A gift is more than a box with pretty wrapping. It’s tangible proof that a person is cherished by someone near to them. Yet, while over $750 billion will be spent on presents this holiday season, according to the National Retail Federation, nearly $95 billion worth of products will be returned.
These numbers are astounding, considering they are the projections for a year that has seen more financial unrest than any in the last 10 years. Experts believe that many plan on spending simply in hopes of lifting the spirits of their friends and family following a year of uncertainty. But rather than give for the sake of giving, what if we paused and gave with a purpose?
We are not the only ones who have seen challenges this year.
While we all experienced the setbacks of a strained healthcare environment due to the worldwide pandemic, this is nothing new for the continent of Africa. For many in sub-Saharaan nations, COVID was not only a dangerous virus, but an additional strain on an already sparse healthcare system.
Thousands suffer from conditions that could be treated just by having access to medical and surgical care.
Simple conditions such as impacted teeth and small growths may go untreated for years resulting in life-threatening tumors. For children like 11-year-old Mouhamed a lack of medical care was the difference between a life in pain and one with hope.
“To see my child suffering when there was nothing I could do to help him… I was helpless,” his father Mactar shared.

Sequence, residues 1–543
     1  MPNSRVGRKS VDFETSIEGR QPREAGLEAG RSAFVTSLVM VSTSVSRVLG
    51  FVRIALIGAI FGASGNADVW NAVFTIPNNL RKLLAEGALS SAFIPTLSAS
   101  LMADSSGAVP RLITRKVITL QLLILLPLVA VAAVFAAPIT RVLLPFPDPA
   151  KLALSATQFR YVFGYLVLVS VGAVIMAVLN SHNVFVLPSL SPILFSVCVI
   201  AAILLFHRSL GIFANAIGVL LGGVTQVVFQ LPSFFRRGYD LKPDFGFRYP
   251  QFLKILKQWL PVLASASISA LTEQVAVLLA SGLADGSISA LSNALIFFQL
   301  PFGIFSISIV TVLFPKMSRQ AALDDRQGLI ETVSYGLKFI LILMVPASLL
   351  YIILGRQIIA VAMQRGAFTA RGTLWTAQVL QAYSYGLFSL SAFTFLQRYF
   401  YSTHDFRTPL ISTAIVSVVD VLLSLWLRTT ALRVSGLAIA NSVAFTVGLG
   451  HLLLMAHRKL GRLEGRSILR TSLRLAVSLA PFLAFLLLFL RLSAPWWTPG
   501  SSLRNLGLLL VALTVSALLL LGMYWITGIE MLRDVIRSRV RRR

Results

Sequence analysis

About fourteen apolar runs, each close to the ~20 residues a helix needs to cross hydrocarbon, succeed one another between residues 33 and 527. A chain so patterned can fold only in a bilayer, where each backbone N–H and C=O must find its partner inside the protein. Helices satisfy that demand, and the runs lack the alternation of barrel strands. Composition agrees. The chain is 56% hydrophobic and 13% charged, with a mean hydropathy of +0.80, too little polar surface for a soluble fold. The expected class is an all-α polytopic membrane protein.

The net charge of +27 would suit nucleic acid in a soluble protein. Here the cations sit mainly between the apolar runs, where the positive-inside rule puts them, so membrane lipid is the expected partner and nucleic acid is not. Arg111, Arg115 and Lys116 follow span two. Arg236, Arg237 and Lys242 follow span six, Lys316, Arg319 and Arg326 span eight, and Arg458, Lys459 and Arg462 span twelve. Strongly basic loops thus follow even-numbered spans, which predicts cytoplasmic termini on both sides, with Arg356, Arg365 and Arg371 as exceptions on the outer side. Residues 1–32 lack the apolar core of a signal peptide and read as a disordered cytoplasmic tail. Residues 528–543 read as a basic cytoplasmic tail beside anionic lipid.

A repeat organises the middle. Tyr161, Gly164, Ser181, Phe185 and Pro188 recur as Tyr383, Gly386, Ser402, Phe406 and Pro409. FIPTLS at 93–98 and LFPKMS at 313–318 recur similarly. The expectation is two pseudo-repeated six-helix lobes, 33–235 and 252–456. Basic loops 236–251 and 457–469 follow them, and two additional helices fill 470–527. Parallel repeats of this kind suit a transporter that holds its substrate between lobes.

For others like baby Mariama and twin brothers Ousseynou and Assane struggling with severely bowed legs, a simple surgery early in life could have changed the struggles they faced. Yet without access to safe medical and surgical care, these children and many like them were forced to endure their conditions with no opportunity for healing.
“It was hard for us. We knew that the neighbors were laughing about the twins,” the boys’ mother, Awa, said. “We could not hide Ousseynou and Assane away, so we all had to live with people treating them as inferior.”
Thankfully, generous friends like you see these conditions and refuse to be bystanders. For Mouhamed, Mariama, Ousseynou, and Assane, healing did arrive. Volunteers bringing free medical care came to their countries to provide the life-changing and sometimes lifesaving surgeries needed to correct these conditions.
And access to medical care did more than remove unwanted conditions, it brightened the lives of these children, encouraging them to face their futures with confidence.
“Every human being has the right to look human. To be treated as human,” volunteer surgeon Dr. Gary Parker said. “To have a place at the table of the human race.”
This Christmas, give the gift of medical care. When you give a gift of healing, you are giving hope to those who need it most. Whether $25 for an eye exam, $150 for leg braces and physical therapy, or $500 for a lifesaving surgery, your tax-deductible donation, no matter the size, will help transform the lives of those in need. Each act of mercy is only possible with your help.